Americans who confronted ‘surprise’ medical bills share their stories

When Andrew Heymann helped his friend move two years ago, a glass table shattered and cut open Heymann’s left ankle. An ambulance rushed him to a nearby hospital, which he knew was in-network. But after a plastic surgeon stitched up the wound, Heymann was surprised to receive a bill for nearly $6,000. His insurance initially covered just $860 of the charges.

Heymann learned that although the facility was in-network, the doctor who assisted him was not covered by his insurance. While he was later able to get his employer to cover the remaining charges, others who encounter surprise medical bills are not always so lucky.

Last year, Consumer Reports found 30 percent of Americans with private health insurance have received surprise bills, where their insurance plan paid less than they expected. Of those, 23 percent received a bill from a doctor they didn’t expect to get a bill from. And 14 percent said they were charged higher out-of-network rates by doctors they thought were in-network.

PBS NewsHour gathered personal stories from people across the country who, like Heymann, said they had an experience with surprise medical bills.

NewsHour received hundreds of submissions from people aged 26 to 72, from Boise, Idaho to Chicago, IL. Here are a few of their stories.

Editor’s note: Some responses have been edited for brevity and clarity. 

I was approved by my insurance company to have a cervical discectomy fusion last August. I was advised that out of network costs would be paid at 70 percent. I received letters from insurance company listing my surgeon and the hospital specifically as approved. Insurance company denied covering any anesthesia saying anesthesiologist was out of network, and paid only $2,000 of a $28,000 dollar hospital Bill, leaving me on the hook for over $26,000.00 out of pocket. My husband retired last year and we are on a fixed income. This could ruin us financially.

– Kari, 59, Boise

My husband and I were surprised by medical bills when our daughter was born early at 33 weeks due to HELLP syndrome. We went to the ER at our local in-network hospital (where I had been having prenatal visits), were sent to the obstetrics department, and then were transported to a larger in-network hospital, where she was born and stayed in the NICU for 18 days. I stayed for 2 days following her delivery.

The bills started pouring in after we came home — separate bills from the ER, my OBGYN, obstetrics doctors who delivered our baby, neonatal doctors, anesthesiologists, the ambulance company, and the hospitals themselves… approximately over $12,000. Our insurance deductible was $1000. There was no way we could pay them all at once.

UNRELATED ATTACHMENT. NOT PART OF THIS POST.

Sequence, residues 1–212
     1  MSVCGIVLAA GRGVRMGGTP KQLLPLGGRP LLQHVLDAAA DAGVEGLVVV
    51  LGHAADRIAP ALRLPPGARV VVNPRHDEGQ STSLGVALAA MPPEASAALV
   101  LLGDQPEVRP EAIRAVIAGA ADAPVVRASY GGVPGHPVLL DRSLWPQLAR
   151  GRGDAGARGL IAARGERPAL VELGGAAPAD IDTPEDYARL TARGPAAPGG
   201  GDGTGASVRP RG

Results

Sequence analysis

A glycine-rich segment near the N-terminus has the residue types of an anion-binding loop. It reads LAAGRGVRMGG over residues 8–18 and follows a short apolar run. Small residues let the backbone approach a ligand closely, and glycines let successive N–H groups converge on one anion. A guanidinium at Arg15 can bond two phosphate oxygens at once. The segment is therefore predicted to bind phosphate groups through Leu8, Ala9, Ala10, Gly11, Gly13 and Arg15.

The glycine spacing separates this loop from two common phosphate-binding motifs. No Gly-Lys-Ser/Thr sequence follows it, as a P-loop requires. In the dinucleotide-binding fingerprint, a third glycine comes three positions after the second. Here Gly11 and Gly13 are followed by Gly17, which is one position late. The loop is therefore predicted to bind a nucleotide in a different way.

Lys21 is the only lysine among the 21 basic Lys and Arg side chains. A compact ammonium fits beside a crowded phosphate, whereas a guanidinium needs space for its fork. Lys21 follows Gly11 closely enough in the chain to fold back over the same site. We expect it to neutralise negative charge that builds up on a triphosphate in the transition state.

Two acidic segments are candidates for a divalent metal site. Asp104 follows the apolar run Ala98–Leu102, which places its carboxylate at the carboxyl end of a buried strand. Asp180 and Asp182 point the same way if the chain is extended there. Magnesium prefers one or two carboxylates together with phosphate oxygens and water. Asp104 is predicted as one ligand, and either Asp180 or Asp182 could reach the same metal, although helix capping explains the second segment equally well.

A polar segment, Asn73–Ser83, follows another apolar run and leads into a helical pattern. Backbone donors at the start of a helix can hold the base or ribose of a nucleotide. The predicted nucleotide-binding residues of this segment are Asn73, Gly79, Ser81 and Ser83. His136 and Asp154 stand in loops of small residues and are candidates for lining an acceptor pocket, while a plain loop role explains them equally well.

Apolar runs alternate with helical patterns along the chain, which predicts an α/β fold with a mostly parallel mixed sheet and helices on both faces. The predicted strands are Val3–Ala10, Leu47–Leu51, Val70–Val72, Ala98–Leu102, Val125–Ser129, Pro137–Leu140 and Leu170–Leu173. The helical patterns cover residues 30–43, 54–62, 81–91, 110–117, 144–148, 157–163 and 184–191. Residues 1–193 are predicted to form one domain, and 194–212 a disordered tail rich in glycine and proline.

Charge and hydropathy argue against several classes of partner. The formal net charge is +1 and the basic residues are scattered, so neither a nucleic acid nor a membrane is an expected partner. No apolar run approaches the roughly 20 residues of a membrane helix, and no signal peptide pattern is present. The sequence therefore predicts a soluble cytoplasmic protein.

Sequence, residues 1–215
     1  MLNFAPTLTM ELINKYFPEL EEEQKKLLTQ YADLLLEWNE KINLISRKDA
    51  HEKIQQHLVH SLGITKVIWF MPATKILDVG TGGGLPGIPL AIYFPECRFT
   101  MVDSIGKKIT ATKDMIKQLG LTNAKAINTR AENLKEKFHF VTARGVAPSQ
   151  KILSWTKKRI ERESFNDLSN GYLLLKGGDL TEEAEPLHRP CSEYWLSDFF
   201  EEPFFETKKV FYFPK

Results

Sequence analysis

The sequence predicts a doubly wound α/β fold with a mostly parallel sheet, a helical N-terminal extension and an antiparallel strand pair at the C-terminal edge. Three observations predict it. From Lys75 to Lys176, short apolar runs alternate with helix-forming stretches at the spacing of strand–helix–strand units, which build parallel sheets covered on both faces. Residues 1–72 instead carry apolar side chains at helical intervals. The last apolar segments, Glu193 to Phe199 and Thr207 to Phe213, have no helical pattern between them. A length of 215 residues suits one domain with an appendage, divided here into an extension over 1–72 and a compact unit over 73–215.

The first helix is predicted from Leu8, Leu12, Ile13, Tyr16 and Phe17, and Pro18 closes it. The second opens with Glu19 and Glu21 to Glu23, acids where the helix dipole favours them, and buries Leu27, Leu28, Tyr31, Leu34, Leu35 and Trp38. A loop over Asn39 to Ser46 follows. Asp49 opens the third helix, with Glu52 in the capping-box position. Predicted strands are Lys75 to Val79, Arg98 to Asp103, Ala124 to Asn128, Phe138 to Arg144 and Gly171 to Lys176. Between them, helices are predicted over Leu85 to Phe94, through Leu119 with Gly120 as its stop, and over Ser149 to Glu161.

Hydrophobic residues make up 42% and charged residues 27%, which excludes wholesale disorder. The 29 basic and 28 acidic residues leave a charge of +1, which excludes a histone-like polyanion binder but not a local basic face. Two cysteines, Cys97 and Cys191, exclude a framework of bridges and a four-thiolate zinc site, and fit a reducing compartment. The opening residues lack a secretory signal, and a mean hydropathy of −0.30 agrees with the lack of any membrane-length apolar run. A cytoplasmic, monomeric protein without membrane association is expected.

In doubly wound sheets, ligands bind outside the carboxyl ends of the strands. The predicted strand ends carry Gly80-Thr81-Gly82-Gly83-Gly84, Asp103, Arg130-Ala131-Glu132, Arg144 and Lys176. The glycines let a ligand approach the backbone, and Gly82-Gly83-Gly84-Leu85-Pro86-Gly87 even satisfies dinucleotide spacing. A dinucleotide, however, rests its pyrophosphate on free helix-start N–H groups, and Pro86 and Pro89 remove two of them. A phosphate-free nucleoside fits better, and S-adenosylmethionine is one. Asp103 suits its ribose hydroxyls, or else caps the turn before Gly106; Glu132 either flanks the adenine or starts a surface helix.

– Ashley, 29, Missouri

I went to a 30-day rehab a while back, it was covered completely. When I finished the program the asked me to attend outpatient which again they told me was covered, not even a copay. Years later I have a $40,000 medical bill on my credit report and I have no intention of paying it and no idea how to deal with it. So much for buying a house.

– Michael, 28, New Jersey

I was admitted Jan 2016 to a participating hospital for Pleurisy. I spent 8 days on IV antibiotics until the surgeon insisted that a VATS procedure needed to be performed. During the course of that procedure, the mess that he encountered, both inside and outside my lung, caused him to perform an unscheduled thoracotomy. The surgeon did not participate with my insurance but he was the only surgeon qualified to perform this procedure. I was discharged Feb. 4. I have 2 deductibles to pay and co-payments for each plan. My surgeon’s bill alone was $10,400. It was a life saving procedure.

– Julie Claire, 59, Michigan

We were pregnant with our first baby last year, and we called our insurance co several times to confirm how much our out of pocket max would be. They said $4,000 max, for mom and baby together, assuming normal birth and normal hospital stay of 48 hrs. All of it should be billed to my insurance deducible. We asked again and again to be sure. No other charges should occur, they reassured us. Always got the same answer. So we saved and saved to make $4,000 happen.

After the birth, the hospital billed my newborn’s nursery stay charges during the birth days to HIS insurance, not mine, causing another $1,000 or so in costs to us. I was told by several insurance customer service people that this was an error. We filed several appeals which were denied.

I was livid. It cost us almost a month of my maternity leave that we are funding ourselves. It makes no sense but our hands are tied since the hospital billed it and insurance processed it. It makes me feel even worse for families who don’t check or have no idea what kind of charges they might accrue for welcoming a new baby.

– Leanne, 36, Chicago, IL

We’re asking: Have you been affected by a medical bill you did not expect? Please submit your story using this simple form or share your thoughts in the comment section below.

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